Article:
We recently blogged about the rapid growth of bet-the-company litigation. Short version of that post: the number of companies involved in such cases is quadrupling. If you’re corporate counsel, you want to do your best to avoid such risky, resource-devouring litigation, and survive it when it’s inevitable.
If bet-the-company litigation is on your mind, here are some initial thoughts on steps you can take to reduce the chances you’ll be involved in it.
Provide exceptional service. Plaintiffs generally don’t sue unless they feel truly aggrieved. “If a customer or a vendor knows they are being heard, they are more likely to resolve an issue and less likely to hire a lawyer,” writes Mark A. Romance. “Address the issue head-on before it escalates.”
Take care with contracts. Make them specific, get them signed, and manage the signed documents carefully. “A great document is of no use when a dispute arises if you cannot locate your customer’s assent to the terms,” says Romance. “Having a clear, written agreement is key to avoiding litigation because all parties know what to expect from the relationship and what happens if something goes wrong. It is the uncertainty that usually drives litigation.”
Specify alternative dispute resolution. Going to court costs more, takes longer and typically does more damage to your brand than arbitration. “Contract clauses requiring the parties to mediate their claims before seeking relief in court – and limiting the remedies available to them if they do end up in litigation – can provide both the means and the motivation to reach out-of-court settlements that are swift, cost-effective, and private,” writes attorney Patrick C. Tinsley. “Likewise, binding arbitration clauses can expedite a final outcome by limiting discovery and appeal rights.”
Do your homework. Tinsley tells the story of a professional baseball team that passed on an elite player after a background check turned up a domestic dispute on his record. A second team failed to look, reached an agreement with the player, and then was mired in complexity later. “Contrary to what common sense would suggest,” says Tinsley, “businesses often proceed with care and caution where the stakes are comparatively low, while rushing headlong into decisions that involve significant company resources.” Don’t be that company.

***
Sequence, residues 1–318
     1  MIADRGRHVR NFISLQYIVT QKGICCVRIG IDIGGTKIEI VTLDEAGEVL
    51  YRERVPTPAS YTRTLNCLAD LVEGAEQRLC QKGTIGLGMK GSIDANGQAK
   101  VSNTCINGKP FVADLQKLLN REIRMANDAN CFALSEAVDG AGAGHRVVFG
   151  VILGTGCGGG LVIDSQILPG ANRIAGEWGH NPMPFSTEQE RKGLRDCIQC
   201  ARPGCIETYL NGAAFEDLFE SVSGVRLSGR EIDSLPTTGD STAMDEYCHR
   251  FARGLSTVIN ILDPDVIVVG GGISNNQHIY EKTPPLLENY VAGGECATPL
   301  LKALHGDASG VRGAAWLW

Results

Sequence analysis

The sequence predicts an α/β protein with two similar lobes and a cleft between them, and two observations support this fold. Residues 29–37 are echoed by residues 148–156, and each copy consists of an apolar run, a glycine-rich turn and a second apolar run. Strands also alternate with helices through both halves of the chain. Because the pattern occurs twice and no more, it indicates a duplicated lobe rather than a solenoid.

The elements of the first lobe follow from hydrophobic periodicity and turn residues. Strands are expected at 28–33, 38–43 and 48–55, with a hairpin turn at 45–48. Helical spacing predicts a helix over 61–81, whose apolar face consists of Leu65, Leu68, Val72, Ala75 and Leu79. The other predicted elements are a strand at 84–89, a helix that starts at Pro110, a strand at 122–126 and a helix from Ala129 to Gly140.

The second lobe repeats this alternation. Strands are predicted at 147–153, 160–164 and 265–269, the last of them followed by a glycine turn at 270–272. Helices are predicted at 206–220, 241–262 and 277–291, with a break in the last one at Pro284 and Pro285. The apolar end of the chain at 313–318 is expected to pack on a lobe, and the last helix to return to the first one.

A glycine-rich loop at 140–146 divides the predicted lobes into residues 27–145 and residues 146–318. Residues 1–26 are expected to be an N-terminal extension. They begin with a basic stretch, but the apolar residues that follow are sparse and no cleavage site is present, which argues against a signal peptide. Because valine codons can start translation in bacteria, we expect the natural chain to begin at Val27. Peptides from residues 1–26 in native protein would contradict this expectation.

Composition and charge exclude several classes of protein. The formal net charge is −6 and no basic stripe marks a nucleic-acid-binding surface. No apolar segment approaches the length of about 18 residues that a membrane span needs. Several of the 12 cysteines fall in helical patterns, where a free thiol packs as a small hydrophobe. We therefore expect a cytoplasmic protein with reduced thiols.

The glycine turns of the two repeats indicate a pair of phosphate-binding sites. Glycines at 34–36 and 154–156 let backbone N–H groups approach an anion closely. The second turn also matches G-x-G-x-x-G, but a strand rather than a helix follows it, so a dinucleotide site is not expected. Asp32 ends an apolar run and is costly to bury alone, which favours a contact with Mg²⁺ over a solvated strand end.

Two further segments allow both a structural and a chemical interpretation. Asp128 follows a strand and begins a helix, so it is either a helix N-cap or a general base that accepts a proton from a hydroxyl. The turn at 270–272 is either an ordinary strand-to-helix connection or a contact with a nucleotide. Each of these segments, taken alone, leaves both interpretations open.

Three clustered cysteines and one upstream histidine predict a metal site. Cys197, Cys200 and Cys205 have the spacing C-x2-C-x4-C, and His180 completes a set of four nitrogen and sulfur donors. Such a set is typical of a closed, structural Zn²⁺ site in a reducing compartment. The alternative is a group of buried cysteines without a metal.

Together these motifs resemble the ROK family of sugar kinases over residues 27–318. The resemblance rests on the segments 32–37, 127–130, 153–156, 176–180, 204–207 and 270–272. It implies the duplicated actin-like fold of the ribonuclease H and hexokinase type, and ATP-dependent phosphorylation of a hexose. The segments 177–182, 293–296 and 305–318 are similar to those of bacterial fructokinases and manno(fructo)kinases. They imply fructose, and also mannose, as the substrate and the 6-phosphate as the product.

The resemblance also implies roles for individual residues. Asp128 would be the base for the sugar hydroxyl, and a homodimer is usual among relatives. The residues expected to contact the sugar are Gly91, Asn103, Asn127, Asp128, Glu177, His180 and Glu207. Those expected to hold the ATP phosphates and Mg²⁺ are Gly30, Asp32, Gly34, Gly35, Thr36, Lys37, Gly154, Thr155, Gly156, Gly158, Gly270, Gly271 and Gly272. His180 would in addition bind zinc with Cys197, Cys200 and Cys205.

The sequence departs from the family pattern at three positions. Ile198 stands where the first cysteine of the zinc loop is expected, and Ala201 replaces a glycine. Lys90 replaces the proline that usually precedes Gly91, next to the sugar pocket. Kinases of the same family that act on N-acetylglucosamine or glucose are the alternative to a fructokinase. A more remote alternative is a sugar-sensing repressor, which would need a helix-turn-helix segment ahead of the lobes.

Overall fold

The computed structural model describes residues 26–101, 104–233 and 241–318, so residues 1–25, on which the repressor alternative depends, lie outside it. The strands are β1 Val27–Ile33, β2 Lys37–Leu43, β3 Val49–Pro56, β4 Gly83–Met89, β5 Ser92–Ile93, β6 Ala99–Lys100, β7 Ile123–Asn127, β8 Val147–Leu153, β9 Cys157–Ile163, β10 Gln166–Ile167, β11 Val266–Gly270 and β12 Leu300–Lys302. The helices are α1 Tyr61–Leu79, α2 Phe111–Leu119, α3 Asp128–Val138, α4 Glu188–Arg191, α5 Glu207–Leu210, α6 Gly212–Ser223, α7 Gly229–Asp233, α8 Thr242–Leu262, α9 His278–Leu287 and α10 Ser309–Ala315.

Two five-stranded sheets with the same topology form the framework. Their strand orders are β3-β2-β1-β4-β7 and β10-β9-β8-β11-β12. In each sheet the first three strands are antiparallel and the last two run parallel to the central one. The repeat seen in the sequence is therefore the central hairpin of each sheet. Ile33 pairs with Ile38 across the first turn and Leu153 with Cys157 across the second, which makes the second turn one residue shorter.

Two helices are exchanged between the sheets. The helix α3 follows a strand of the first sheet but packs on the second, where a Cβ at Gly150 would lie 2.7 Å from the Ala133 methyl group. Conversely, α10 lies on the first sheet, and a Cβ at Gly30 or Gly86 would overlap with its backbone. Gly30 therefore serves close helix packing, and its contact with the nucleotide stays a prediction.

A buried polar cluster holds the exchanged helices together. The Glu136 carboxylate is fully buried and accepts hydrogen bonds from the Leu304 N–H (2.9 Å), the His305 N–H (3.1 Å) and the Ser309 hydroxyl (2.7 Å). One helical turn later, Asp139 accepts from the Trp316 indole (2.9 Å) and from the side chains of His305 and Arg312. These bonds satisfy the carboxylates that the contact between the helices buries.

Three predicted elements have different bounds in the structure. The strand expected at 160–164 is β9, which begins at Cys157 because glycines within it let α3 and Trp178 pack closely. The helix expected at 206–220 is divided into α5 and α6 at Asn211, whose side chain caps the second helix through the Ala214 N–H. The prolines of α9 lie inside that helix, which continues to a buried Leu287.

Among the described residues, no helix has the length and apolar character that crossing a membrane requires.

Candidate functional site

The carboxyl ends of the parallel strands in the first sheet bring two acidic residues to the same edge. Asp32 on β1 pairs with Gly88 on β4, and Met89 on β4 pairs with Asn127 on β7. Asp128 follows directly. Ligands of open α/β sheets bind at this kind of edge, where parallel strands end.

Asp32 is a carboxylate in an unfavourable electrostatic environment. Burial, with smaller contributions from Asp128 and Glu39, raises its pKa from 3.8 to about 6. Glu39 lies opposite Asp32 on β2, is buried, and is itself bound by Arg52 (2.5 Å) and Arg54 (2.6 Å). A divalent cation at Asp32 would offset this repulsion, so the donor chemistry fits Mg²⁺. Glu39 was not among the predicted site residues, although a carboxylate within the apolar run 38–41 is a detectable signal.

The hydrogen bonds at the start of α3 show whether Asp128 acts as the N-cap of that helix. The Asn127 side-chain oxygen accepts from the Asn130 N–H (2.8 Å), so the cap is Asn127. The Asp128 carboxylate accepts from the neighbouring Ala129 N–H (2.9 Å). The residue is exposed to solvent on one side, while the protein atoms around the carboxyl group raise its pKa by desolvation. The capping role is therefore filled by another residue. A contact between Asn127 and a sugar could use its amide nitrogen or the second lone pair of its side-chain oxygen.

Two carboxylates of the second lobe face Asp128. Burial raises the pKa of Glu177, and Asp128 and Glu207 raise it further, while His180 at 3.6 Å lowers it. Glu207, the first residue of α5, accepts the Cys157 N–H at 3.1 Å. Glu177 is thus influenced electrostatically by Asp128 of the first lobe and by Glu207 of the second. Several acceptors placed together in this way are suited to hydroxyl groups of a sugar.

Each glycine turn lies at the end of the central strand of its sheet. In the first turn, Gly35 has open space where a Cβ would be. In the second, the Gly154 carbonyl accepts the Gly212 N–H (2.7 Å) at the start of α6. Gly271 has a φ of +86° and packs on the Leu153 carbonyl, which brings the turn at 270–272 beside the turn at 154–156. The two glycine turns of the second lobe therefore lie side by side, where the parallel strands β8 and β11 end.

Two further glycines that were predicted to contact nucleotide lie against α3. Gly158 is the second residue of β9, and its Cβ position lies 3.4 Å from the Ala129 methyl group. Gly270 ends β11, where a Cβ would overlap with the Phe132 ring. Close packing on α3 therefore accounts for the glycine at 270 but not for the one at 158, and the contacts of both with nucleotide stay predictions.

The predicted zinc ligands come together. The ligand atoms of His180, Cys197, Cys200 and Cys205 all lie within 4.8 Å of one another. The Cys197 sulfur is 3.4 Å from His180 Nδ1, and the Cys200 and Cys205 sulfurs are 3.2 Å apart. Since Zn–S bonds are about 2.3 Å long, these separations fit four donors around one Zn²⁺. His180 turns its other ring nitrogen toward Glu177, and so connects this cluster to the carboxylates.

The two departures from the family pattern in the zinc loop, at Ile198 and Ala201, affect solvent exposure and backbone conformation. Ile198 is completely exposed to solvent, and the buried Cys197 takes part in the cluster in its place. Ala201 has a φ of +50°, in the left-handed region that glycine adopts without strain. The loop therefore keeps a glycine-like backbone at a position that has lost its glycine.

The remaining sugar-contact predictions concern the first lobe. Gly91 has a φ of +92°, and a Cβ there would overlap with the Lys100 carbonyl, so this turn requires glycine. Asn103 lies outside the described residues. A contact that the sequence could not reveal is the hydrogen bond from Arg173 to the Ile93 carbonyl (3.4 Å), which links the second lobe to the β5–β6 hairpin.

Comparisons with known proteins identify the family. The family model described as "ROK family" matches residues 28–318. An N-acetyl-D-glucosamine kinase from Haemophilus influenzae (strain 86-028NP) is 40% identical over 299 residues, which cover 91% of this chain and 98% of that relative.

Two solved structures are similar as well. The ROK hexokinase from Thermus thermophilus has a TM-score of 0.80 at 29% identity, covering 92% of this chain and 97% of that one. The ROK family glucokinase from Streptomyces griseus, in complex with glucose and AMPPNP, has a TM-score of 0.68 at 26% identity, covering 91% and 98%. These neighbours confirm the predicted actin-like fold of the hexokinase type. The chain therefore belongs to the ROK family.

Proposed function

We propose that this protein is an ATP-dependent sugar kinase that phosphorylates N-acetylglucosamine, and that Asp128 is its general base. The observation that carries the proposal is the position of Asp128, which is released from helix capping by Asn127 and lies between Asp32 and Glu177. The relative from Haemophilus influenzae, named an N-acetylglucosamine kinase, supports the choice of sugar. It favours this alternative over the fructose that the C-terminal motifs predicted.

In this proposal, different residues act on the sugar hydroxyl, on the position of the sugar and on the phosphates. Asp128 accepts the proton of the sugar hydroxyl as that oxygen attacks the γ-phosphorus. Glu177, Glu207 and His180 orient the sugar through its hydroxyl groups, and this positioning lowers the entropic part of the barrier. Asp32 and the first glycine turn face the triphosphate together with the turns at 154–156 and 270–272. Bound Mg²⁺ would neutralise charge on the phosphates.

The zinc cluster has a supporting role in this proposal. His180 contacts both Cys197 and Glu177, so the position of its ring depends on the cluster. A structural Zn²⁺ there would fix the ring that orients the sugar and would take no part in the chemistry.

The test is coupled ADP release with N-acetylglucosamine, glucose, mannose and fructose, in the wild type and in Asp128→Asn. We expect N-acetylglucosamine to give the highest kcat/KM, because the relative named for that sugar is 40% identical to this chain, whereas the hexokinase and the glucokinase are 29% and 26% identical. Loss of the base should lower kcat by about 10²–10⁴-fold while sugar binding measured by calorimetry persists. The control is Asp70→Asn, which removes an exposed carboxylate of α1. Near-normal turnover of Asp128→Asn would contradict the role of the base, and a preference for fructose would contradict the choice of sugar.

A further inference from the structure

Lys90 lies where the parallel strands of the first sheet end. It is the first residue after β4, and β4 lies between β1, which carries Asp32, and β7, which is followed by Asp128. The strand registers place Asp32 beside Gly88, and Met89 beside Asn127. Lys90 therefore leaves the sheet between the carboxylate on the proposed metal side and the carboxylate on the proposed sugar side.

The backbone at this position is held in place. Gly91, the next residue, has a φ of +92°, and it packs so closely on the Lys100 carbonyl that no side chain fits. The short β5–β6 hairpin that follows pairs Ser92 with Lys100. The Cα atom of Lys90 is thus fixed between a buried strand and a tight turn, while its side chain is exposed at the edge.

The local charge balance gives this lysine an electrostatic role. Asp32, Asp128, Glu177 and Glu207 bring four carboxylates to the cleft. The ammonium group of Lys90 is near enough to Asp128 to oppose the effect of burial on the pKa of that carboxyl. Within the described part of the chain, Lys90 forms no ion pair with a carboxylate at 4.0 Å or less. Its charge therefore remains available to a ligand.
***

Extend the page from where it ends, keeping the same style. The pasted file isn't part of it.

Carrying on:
And three things you can do to help you survive bet-the-company litigation.
Appoint a dream team. Key players include a lead litigator you can trust to manage the entire case and an internal discovery leader with IT experience who can manage that often unwieldy process. “Too [many] resources, time and money [are] often spent defending discovery battles over the adequacy of document collection and preservation efforts,” attorney James Bernard told Inside Counsel. “Having a person in-house who is dedicated to the task and who knows what they are doing is invaluable as the litigation progresses.”
Don’t spread yourself too thin. Parallel proceedings are common in bet-the-company cases. “Civil and administrative litigation that occurs simultaneously – and even worse, civil or administrative litigation during a grand jury investigation or criminal proceeding – may force a company to choose between pursuing its interests in one proceeding and prejudicing them in another,” writes Inside Counsel. Strategize creatively and use any conflicts to your advantage. Investigators in a criminal case, for example, are often happy to postpone civil case depositions.
Finally, talk to your insurer. If you’re being sued, you may be covered.
Bet-the-company litigation is a real concern for anyone who owns a company, runs one or works for one. Don’t let it happen to you, and if it does, do whatever it takes to end up on the right side of the result.